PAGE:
Art 370: ‘In Naya Kashmir, People Struggle to Download WhatsApp Image’

The slow internet connection in the valley since last year has affected business, education and communication to the outside world terribly.

ON the day when many in the ruling Bhartiya Janta Party (BJP) celebrated the August 5, 2019 move to scrap the Jammu and Kashmir’s semiautonomous status as a ‘political milestone in Indian politics’, K-Twitter countered by debating the fallouts of the abrogation in the valley.

“A year has passed and a lot has changed,” netizens debated.

“Schools are still shut, tourism is in the ditches, the economy is in shambles, mental health has taken a toll, the entrepreneurs are hopeless, the fruit sellers have to throw their produce, the handicraft sector is struggling, the online market is devastated and the list goes on. This is how Naya Kashmir looks like.”

On the first anniversary of the abrogation of Article 370 and 35A, the manned roads were strewn with concertina wires and drop-gates, while a posse of police and paramilitary forces standing in the shade of armoured vehicles enforced the curfew-like-restrictions to “ensure law and order” in the valley.

By imposing restrictions, many netizens claim that the government is hiding its failure and is denying Kashmiris the right to peaceful protest.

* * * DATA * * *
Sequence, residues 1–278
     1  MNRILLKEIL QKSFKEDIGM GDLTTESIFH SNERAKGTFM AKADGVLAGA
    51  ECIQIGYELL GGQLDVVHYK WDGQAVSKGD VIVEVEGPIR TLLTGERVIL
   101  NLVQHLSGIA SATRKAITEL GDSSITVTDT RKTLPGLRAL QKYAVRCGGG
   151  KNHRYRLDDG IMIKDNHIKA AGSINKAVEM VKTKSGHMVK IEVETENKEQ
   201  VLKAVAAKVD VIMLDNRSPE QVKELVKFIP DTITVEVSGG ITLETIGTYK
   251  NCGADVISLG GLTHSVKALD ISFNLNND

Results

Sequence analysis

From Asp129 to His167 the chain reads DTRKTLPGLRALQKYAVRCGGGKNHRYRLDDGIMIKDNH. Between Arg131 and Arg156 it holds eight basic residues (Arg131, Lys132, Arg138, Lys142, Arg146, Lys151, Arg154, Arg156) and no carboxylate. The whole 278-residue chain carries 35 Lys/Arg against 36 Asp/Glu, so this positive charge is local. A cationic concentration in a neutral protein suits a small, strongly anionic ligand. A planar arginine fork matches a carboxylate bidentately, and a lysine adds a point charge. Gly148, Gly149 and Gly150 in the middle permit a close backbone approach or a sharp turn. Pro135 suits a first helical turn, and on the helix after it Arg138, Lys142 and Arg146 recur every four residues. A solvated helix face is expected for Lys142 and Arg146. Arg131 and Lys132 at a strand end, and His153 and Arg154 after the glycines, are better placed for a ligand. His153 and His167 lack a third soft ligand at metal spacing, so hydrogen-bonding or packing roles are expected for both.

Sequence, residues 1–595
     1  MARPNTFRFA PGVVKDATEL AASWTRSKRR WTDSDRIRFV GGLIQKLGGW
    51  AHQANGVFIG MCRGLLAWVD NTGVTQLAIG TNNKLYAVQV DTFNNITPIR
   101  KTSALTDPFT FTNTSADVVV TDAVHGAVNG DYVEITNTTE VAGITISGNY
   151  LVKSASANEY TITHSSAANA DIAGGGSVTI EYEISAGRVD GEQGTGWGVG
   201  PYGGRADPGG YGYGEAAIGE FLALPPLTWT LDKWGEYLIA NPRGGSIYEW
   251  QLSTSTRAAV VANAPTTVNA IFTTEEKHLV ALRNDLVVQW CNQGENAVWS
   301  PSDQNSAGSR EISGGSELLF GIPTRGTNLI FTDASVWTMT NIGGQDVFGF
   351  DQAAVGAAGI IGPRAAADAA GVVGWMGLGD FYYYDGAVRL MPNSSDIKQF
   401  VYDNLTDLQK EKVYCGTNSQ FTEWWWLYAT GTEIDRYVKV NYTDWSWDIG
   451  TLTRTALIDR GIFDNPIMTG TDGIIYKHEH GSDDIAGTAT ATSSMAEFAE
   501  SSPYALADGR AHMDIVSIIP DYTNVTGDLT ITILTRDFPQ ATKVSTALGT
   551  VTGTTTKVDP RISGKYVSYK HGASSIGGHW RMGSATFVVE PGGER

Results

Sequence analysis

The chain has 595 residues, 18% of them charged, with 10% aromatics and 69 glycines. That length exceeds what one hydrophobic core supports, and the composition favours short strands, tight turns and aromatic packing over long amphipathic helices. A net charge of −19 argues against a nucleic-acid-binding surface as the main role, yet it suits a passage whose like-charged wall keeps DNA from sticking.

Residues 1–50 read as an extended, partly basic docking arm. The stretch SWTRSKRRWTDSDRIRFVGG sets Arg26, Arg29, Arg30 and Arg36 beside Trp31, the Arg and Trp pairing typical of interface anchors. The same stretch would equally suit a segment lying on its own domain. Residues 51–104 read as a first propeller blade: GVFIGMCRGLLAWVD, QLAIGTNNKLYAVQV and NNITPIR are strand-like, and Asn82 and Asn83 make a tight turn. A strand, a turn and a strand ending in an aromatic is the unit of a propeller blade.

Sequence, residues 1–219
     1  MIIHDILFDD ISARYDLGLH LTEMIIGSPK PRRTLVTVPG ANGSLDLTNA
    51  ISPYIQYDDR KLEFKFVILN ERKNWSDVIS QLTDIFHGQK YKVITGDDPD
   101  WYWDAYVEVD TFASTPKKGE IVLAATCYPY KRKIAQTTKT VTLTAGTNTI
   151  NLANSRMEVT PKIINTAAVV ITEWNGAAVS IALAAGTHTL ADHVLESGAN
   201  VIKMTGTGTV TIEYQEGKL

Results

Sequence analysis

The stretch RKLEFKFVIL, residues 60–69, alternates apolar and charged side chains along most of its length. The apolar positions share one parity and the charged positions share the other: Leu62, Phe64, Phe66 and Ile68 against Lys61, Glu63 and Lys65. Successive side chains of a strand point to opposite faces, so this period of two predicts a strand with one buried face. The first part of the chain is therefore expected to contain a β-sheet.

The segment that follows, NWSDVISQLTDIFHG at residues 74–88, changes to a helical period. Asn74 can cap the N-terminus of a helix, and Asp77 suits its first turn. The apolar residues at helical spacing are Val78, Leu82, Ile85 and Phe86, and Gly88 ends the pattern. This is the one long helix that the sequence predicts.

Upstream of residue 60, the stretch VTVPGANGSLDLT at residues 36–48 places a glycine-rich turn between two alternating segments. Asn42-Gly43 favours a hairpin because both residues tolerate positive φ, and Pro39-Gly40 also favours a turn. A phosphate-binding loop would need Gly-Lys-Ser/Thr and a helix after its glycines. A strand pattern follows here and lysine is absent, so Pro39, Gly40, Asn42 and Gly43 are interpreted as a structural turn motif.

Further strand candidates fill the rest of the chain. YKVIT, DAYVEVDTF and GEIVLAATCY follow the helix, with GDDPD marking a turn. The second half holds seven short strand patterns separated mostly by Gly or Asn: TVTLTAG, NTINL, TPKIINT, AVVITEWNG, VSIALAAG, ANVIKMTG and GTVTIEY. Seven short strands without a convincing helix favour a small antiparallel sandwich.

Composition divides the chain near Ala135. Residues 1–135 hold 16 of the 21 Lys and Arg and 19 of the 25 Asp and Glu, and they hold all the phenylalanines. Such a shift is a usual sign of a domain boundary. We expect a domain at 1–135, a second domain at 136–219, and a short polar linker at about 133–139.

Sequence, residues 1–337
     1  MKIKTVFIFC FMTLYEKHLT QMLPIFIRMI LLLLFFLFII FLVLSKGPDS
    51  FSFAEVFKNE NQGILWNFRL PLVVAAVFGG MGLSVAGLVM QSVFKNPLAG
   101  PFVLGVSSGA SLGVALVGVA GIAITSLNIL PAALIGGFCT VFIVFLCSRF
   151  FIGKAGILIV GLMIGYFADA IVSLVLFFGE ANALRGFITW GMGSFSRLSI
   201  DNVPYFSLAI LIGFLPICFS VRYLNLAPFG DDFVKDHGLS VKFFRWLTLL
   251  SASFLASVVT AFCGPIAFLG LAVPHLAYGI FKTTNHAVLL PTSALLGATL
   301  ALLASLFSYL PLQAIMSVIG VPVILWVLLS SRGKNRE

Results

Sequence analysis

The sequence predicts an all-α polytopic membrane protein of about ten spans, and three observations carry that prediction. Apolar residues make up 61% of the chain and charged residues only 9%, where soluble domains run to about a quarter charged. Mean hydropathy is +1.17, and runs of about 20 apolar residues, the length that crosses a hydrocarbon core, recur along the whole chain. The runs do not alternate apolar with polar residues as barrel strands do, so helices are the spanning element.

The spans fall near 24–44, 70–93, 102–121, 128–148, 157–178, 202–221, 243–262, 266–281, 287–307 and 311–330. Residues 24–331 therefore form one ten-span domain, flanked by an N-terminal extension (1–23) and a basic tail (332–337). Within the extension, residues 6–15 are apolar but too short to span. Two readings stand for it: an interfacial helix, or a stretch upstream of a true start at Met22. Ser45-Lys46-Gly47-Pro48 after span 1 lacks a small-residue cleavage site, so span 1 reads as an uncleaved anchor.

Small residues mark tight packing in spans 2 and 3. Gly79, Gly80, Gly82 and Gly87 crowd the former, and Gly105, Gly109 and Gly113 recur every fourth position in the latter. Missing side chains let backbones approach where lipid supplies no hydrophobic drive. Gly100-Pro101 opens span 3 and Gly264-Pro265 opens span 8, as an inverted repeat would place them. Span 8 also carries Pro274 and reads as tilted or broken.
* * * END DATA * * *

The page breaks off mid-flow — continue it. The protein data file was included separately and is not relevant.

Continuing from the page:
“Last year, PM Modi and HM Shah justified the Centre’s move to scrap the Article 370 and 35-A, as they believe they shielded development and fuelled disturbance in the erstwhile state,” a netizen said.

“But if 365 days after the triumphant move, you still need old tactics to run the so-called Naya Kashmir, then what have you achieved on ground, other than fulfilling your party agenda?”

In fact, a year after Government of India promised “massive growth and investments” in the valley, the K-Twitter, which emerged as the vibrant online community over the years, wondered about the prevailing slow internet.

“In the fast pacing world where everything is done with certain clicks on the mobile, Kashmir is still struggling to download an image from WhatsApp,” a netizen observed.

The 2G internet connection in Kashmir has affected business, education and communication to the outside world terribly.

“Throttling the already throttled Internet is called development in Naya Kashmir,” a user wrote.

Many Kashmiri netizens remembered the last year as the day “when the democracy failed them”.

“Last year, this time, we were watching the death of the long lost democracy in the Lok Sabha and Rajya Sabha,” a netizen wrote. “I still remember how partial the chairperson was while the members of other parties were delivering their speeches as if the time only existed for them.”

For the day, however, the major feat for the BJP in the valley came from their two Kashmiri women leaders who marked the anniversary of August 5 by hoisting the tricolor in Anantnag and Ganderbal districts of Kashmir.

K-Twitter, however, dismissed their action as a “BJP-led propaganda” in Kashmir.

“The very act portrays a clear picture of BJP lead Propaganda, just to get it covered by Godi Media,” a netizen wrote.

However, as the day was used for the Ayodhya ceremony, many netizens drew parallels with Kashmir’s “Kristallnacht”.

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